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    Thoughts on a Milk Based Tire Sealant

    All the shortcomings of Stan's? Versus milk?
    Many commercial glues use horse hoof gelatin. Has anyone put horses in their tires?!?
    Quote Originally Posted by pvd
    Time to stop believing the hype and start doing some science.
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  10. #10
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    Tire sealants (Jobst Brandt)

    From: jbrandt@hpl.hp.com (Jobst Brandt)
    Newsgroups: rec.bicycles.tech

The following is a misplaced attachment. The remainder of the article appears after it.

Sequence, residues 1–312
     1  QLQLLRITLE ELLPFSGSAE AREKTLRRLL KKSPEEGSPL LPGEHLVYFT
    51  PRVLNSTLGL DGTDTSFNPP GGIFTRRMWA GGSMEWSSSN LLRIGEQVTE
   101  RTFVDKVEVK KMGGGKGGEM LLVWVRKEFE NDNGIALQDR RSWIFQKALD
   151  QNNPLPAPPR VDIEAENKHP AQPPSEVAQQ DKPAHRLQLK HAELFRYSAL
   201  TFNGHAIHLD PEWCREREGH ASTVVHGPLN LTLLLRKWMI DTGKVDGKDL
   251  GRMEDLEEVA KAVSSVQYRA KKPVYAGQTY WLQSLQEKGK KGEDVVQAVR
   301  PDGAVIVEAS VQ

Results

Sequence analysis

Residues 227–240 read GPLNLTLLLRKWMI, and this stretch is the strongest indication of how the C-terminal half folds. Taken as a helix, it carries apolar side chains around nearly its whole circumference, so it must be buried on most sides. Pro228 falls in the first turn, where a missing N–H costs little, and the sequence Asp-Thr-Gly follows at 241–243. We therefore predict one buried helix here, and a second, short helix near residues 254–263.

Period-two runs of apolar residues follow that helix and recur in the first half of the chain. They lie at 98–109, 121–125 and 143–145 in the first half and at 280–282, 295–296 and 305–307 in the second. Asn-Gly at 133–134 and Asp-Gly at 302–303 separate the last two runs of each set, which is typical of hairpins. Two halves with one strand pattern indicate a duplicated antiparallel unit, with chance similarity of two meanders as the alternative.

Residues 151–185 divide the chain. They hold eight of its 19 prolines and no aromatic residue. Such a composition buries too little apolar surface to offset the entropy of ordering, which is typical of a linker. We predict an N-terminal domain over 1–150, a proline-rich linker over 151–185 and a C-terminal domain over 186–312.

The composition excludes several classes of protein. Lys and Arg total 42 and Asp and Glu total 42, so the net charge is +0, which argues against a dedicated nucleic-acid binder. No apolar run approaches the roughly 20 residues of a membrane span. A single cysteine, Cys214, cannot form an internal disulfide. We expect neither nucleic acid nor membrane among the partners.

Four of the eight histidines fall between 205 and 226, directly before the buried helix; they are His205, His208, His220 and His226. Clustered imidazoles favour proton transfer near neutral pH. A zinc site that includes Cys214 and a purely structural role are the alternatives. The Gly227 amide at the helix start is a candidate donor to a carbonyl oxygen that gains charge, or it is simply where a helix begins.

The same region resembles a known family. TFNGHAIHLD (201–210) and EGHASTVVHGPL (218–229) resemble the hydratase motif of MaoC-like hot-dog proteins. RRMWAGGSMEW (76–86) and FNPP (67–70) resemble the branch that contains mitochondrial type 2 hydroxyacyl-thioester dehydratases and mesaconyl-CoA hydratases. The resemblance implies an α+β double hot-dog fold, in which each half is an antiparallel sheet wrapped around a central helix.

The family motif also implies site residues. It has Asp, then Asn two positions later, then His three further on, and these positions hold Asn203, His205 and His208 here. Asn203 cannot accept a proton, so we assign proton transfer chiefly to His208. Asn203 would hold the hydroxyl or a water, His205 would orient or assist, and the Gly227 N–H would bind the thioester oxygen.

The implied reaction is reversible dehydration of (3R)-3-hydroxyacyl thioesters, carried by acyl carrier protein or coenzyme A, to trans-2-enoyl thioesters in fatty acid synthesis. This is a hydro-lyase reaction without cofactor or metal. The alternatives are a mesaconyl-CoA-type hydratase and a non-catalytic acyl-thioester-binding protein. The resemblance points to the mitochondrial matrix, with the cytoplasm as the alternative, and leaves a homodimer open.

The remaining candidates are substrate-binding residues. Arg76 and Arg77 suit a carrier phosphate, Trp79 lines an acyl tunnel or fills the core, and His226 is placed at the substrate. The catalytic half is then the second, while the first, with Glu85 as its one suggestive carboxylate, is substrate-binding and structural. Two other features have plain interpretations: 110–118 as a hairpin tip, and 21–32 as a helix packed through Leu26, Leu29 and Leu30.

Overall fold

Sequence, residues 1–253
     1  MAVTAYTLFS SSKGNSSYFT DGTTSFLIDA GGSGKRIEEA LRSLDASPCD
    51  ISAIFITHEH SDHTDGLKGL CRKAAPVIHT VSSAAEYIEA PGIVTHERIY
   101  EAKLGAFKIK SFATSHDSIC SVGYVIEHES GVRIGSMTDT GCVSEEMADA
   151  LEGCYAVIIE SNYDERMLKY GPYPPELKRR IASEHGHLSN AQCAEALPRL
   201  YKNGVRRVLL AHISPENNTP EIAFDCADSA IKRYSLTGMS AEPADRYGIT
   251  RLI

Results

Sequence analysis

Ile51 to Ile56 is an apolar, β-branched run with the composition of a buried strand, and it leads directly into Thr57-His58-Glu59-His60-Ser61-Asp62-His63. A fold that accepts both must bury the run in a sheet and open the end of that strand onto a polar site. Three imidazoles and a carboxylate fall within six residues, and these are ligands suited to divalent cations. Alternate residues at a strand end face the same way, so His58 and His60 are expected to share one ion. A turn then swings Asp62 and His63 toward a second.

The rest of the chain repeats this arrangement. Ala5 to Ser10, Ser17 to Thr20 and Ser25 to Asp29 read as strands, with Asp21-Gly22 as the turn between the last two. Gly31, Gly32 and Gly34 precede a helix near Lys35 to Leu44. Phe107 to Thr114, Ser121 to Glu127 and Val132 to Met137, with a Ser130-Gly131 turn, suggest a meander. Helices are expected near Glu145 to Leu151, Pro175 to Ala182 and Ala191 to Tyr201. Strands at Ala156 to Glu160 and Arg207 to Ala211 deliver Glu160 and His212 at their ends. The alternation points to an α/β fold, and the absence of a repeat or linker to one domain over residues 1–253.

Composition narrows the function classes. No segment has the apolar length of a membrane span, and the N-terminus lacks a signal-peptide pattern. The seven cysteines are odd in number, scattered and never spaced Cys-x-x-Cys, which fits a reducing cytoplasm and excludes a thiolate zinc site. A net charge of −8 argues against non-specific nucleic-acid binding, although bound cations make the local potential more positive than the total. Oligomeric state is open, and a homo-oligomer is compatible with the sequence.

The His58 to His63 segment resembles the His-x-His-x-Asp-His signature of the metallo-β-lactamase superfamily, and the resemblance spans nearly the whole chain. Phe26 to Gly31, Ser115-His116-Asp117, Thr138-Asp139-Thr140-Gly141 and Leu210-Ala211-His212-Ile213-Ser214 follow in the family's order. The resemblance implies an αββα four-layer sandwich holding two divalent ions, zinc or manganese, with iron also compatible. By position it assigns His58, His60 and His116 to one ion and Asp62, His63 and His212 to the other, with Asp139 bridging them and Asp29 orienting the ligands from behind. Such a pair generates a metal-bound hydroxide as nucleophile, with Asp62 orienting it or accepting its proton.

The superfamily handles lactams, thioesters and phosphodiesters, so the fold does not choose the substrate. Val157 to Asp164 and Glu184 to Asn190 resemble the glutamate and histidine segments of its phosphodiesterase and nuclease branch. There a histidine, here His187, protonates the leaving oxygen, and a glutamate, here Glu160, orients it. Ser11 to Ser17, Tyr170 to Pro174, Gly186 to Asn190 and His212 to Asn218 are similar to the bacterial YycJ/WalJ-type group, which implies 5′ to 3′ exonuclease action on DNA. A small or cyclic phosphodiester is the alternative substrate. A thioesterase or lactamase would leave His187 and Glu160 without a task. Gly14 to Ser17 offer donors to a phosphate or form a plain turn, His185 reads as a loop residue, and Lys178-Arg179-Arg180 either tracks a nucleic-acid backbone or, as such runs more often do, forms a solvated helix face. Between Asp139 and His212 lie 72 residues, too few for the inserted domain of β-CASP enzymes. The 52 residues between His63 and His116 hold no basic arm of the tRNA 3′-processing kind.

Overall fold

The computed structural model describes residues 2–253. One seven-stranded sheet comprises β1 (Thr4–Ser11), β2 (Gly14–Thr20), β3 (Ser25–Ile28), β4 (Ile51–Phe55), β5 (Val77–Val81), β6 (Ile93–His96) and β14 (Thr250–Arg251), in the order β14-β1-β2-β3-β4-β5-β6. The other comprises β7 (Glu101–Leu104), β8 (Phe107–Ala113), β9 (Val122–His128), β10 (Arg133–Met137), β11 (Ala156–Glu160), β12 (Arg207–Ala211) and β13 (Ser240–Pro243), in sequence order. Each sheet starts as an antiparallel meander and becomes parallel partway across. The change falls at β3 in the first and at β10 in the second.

Subject: Re: Milk As A Tire Sealant
    Date: 9 Aug 1997 00:16:37 GMT

    Jeff Napier writes:

    > In response to another thread about the effectiveness of liquid tire
    > sealants, I have heard that ordinary milk works well. I haven't tried it
    > myself, probably because of a story an old-timer related.

    > Seems he and his brother, in the days when all common bicycles had
    > fit tires, put milk in their bike inner tubes - lots of milk because
    > they didn't know how much was enough. Months later, this fellow had
    > a blowout, which sprayed lots of the stinkiest old milk imaginable
    > all over him.

    Sounds like the experience I had in 1976 and reported here on
    wreck.bike. When I was riding my last Clement tubulars, that had poor
    stitch protectors that caused many pin hole leaks, my tires kept going
    flat. Knowing about the ability of the butterfat in milk to plug such
    holes, I poured a few ounces of milk, from a dairy on the Klausen pass